Late on Thursday night, an MI6 officer responsible for Yemen received a tip-off from a local source of a possible al-Qaida plot to smuggle bombs to America on cargo aircraft.
Two devices were said to have been placed in the holds of planes that had already taken off from Sana'a, the capital of Yemen, a country that has become one of the key fronts in the battle against Islamic terrorists.
Both flights appeared to be bound for Chicago, but one was flying via Dubai and the other was due to stop for fuel at East Midlands airport, near Nottingham.
The MI6 officer immediately passed the information on to officials in London, which in turn alerted the U.S. Department of Homeland Security and their counterparts in Dubai, with a description of what the packages were thought to look like.
In turn, Leicestershire police were asked to check the hold of a UPS parcel service aircraft when it landed at East Midlands.
At 3.30am Friday morning, officers from Leicestershire police reported finding a suspicious package in a sealed cargo container on the UPS plane.
Addressed to a synagogue in Chicago, the parcel contained an office-sized printer cartridge, which had a small circuit board attached with wires crudely attached and white powder inside it, rather than the black toner powder it should have contained.
MI5 was informed of the find, and five minutes later, at 3.35am U.K. time, the news had been relayed to U.S. President Barack Obama by John Brennan, his assistant for homeland security and counter-terrorism.
Mr Brennan told the president that a "potential terrorist threat" to the U.S. had been identified.
Mr Obama ordered his intelligence and law enforcement agencies to step up security and find out whether the suspicious packages were "part of any additional terrorist plotting".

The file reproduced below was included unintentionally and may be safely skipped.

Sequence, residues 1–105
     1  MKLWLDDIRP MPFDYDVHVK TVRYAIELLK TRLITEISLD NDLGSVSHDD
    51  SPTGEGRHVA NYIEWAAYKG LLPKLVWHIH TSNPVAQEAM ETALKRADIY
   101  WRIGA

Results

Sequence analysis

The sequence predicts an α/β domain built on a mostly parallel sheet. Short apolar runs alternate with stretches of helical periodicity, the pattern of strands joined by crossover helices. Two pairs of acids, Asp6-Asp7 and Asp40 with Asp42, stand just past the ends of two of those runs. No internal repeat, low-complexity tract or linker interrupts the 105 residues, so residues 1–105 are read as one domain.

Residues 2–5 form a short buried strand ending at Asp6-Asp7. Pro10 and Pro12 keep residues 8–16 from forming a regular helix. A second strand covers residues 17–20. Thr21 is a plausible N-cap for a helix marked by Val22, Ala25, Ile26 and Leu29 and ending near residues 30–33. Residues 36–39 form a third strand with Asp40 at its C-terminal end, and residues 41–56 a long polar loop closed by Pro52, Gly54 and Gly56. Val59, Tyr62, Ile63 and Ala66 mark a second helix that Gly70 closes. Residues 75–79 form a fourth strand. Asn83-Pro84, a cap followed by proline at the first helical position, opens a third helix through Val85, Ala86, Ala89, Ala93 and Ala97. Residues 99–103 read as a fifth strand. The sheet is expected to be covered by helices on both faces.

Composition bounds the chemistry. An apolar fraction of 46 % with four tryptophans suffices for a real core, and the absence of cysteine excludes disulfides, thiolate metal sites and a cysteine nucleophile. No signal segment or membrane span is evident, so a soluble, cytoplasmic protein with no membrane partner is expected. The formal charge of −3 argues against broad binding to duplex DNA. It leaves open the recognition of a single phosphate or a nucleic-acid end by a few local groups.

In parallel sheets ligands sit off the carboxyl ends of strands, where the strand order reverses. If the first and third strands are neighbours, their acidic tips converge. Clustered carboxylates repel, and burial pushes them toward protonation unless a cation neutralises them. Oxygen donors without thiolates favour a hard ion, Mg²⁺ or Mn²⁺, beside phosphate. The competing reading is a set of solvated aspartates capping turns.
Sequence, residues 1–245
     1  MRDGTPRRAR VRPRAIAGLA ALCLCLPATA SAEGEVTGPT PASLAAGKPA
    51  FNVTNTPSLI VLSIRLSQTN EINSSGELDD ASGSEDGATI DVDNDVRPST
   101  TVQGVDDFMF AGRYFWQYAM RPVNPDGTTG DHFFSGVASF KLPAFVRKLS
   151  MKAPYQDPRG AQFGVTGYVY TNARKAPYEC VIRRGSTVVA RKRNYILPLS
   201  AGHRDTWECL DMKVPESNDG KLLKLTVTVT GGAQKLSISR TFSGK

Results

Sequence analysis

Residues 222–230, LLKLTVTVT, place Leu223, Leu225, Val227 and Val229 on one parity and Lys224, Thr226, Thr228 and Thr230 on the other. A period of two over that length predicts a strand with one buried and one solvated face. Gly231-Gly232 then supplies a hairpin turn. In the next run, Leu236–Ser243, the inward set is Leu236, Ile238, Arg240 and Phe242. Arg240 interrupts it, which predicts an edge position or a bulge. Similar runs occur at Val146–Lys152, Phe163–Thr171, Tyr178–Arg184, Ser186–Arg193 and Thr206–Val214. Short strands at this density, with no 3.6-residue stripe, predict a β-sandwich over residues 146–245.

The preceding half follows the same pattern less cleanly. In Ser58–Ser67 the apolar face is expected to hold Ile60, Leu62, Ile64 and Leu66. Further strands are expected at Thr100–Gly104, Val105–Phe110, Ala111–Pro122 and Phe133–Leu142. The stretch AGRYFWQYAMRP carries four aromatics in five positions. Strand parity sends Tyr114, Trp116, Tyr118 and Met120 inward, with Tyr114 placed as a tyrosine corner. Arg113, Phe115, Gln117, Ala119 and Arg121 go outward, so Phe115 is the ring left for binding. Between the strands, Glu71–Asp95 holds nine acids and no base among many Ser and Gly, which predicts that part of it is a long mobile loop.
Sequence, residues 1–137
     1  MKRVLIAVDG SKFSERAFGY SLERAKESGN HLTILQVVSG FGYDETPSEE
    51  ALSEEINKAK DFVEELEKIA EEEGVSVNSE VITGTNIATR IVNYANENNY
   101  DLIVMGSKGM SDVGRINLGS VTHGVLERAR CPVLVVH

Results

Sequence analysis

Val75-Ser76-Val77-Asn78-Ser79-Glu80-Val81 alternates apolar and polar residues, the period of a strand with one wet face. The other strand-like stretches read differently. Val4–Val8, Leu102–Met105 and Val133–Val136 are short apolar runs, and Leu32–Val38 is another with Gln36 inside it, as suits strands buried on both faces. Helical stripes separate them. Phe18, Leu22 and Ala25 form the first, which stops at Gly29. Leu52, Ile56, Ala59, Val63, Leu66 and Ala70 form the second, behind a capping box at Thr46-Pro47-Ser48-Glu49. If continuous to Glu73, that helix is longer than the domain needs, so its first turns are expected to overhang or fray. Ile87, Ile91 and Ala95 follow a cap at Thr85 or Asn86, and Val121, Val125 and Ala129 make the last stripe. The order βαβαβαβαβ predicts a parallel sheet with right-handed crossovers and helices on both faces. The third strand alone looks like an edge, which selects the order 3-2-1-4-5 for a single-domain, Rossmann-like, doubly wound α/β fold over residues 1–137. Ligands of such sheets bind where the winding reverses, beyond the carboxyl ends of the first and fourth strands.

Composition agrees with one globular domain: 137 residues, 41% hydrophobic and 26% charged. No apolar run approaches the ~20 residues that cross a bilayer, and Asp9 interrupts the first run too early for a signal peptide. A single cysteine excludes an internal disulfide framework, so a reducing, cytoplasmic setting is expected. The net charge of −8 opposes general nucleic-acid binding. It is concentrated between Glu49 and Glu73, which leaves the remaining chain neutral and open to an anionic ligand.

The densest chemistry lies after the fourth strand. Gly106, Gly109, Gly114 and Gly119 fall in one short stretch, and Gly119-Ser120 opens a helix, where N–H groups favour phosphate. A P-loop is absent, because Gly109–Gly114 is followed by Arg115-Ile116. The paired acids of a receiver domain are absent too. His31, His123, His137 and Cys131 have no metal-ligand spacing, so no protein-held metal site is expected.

America was suddenly on high alert, though anyone who happened to be at East Midlands airport at the time would have seen little sign that the provincial hub was at the centre of a possible international terrorist plot.
Police cordoned off the cargo area of the airport as forensics experts were called in to examine the parcel, but the passenger terminal was allowed to carry on as normal, with no disruption to flights. By 10am, tests had established that the "device" did not contain explosives, and the cordon was lifted. The aircraft itself was allowed to take off for Philadelphia, its final stop before Chicago.
Further checks on the package are understood to have revealed that a Hewlett Packard printer contained a hidden device that gave greater cause for concern. It was said to be "cleverly disguised" and appeared to have been linked to a mobile phone. It was split in two and sent for detailed investigation by the authorities.
For the few airport staff who were aware of what was going on, the bomb scare seemed to have passed.
But 3,500 miles away, the second aircraft that had set off from Yemen was being searched after it landed at Dubai International Airport. Another suspicious package, also addressed to a Chicago synagogue, was intercepted.